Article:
Bans of WHO Class I Pesticides in Bangladesh—Suicide Prevention without Hampering Agricultural output

Fazle Rabbi Chowdhury, Gourab Dewan, Vasundhara R Verma, Dee Knipe, Ishrat Tahsin Isha, M Abul Faiz, David Gunnell, Michael Eddleston

Research output: Contribution to journalArticle (Academic Journal)peer-review

57 Citations (Scopus)
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Background: Pesticide self-poisoning is a major problem in Bangladesh. Over the last 20-years, the Bangladesh government has introduced pesticide legislation and banned highly hazardous pesticides (HHPs) from agricultural use. We aimed to assess the impact on suicide and agricultural production of pesticide bans.

Methods: We obtained data on unnatural deaths from the Statistics Division of Bangladesh Police and used negative binomial regression to quantify changes in pesticide suicides and unnatural deaths following removal of WHO Class I toxicity HHPs from agriculture in 2000. We assessed contemporaneous trends in other risk factors, pesticide usage, and agricultural production in Bangladesh from 1996 to 2014.

Result: Mortality in hospital from pesticide poisoning fell after the 2000 ban (15.1% vs 9.5%, relative reduction 37.1% [95% CI 35.4 to 38.8%]). The pesticide poisoning suicide rate fell from 6.3/100,000 in 1996 to 2.2/100,000 in 2014, a 65.1% (52.0 to 76.7%) decline. There was a modest simultaneous increase in hanging suicides (20.0% [8.4 to 36.9%] increase) but the overall incidence of unnatural deaths fell from 14.0/100,000 to 10.5/100,000 (25.0% [18.1 to 33.0%] decline). There were 35,042 (95% CI 25,502 to 45,666) fewer pesticide suicides in 2001 to 2014 compared the number predicted based on trends between 1996 to 2000. This reduction in rate of pesticide suicides occurred despite increased pesticide use and no change in admissions for pesticide poisoning, with no apparent influence on agricultural output.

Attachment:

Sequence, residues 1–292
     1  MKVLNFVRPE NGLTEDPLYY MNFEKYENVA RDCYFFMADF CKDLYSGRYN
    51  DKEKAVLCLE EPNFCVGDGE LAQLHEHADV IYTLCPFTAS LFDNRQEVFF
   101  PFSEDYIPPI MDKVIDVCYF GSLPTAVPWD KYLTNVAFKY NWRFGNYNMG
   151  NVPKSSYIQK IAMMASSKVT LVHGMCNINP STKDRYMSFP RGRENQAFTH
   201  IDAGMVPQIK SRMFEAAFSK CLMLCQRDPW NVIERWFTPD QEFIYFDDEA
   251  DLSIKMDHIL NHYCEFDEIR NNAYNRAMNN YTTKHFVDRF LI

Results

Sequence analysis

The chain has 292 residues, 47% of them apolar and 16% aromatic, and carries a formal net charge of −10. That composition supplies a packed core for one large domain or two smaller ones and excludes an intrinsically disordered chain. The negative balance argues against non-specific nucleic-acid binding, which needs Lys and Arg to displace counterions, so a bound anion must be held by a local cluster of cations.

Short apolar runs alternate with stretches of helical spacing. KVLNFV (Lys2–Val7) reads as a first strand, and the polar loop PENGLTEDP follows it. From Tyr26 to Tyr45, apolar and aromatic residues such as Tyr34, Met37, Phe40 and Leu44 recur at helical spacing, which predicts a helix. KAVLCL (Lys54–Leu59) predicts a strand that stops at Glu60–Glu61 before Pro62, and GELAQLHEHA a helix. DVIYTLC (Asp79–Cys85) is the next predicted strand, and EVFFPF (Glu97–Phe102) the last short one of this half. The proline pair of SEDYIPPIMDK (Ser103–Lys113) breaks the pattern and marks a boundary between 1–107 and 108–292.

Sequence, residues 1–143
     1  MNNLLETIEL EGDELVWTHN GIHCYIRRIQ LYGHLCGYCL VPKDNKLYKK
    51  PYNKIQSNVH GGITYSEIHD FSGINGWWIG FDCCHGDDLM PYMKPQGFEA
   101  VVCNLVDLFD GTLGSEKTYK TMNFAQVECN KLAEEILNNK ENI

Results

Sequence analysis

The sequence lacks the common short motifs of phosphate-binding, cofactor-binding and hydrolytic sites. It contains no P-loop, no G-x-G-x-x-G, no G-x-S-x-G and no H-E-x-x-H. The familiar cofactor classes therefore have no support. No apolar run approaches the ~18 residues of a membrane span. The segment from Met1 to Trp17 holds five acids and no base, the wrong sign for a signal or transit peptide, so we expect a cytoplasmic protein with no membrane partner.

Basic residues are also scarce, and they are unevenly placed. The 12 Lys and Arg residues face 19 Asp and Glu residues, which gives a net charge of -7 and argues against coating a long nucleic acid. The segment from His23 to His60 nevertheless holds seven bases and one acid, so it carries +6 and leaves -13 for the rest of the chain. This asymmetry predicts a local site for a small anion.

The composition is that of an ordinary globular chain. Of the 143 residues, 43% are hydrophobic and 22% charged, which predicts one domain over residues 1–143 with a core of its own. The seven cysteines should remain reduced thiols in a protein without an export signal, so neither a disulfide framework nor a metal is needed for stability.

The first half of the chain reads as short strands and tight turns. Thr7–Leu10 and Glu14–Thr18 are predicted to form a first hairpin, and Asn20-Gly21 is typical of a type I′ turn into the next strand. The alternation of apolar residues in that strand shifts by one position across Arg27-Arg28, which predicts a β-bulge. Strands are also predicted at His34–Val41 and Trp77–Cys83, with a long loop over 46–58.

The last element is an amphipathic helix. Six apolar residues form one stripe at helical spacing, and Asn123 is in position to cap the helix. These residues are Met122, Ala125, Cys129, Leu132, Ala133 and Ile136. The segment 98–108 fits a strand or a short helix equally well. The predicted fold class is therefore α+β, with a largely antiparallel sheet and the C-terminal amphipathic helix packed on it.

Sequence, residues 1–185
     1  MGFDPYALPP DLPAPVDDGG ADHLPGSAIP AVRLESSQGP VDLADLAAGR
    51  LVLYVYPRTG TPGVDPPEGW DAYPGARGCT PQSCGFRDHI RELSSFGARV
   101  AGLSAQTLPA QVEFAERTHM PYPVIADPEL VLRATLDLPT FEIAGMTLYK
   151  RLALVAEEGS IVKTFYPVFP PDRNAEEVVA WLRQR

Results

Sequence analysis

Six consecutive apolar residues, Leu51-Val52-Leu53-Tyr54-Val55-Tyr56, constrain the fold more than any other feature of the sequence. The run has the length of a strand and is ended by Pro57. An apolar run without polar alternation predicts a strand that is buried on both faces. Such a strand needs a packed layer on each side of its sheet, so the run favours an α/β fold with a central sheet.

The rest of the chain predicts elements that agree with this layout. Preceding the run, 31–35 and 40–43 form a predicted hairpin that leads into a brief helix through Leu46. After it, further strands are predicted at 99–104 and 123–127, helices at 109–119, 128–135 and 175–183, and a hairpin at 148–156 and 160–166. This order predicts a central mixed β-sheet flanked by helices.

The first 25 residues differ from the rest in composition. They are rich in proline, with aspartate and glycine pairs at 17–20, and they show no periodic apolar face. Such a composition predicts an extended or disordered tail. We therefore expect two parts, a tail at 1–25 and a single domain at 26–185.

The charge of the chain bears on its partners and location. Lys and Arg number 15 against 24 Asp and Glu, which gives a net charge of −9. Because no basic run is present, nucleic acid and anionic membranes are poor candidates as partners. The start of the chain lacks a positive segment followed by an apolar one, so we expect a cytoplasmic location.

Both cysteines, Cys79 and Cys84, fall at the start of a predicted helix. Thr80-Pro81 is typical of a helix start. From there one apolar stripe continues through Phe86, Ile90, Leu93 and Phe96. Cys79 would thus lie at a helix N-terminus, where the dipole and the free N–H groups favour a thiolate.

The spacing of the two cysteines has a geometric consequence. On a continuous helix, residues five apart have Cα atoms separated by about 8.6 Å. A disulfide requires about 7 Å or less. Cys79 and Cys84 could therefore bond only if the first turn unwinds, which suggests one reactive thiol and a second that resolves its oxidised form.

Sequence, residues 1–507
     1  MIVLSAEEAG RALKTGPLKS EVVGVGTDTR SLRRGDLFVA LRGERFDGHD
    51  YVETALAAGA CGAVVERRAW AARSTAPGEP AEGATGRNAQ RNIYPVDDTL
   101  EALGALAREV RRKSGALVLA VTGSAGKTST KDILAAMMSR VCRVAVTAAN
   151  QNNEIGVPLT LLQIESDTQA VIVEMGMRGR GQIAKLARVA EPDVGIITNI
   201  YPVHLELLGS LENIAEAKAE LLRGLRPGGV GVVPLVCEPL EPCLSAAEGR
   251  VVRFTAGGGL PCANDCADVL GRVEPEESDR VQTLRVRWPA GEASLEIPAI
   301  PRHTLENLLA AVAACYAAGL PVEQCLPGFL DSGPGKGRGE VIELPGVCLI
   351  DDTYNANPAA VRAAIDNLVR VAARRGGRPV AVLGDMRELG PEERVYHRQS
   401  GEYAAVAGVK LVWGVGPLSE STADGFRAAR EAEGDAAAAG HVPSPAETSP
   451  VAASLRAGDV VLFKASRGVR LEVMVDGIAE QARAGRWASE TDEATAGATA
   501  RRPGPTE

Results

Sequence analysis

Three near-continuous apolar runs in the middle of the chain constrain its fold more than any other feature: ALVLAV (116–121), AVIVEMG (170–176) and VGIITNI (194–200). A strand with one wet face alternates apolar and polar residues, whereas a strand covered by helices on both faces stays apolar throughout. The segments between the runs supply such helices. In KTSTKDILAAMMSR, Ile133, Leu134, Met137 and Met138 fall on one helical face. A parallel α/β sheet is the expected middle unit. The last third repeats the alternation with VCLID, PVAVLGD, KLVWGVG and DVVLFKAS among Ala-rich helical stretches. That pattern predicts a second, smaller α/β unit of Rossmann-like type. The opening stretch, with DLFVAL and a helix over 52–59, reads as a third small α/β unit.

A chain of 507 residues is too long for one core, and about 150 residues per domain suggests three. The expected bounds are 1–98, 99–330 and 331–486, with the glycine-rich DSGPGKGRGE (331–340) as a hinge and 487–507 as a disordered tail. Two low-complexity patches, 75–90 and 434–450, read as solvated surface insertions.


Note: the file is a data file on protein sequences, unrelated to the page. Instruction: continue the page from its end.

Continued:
Conclusion: Strengthening pesticide regulation and banning WHO Class I toxicity HHPs in Bangladesh was associated with major reductions in deaths and hospital mortality, without any apparent effect on agricultural output. Our data indicate that removing HHPs from agriculture can rapidly reduce suicides without imposing substantial agricultural costs.
Original languageEnglish
Article numberdyx157
Number of pages10
JournalInternational Journal of Epidemiology
Early online date18 Aug 2017
Publication statusE-pub ahead of print - 18 Aug 2017

Structured keywords

  • SASH


  • Bangladesh
  • pesticides
  • suicide
  • prevention
  • agriculture


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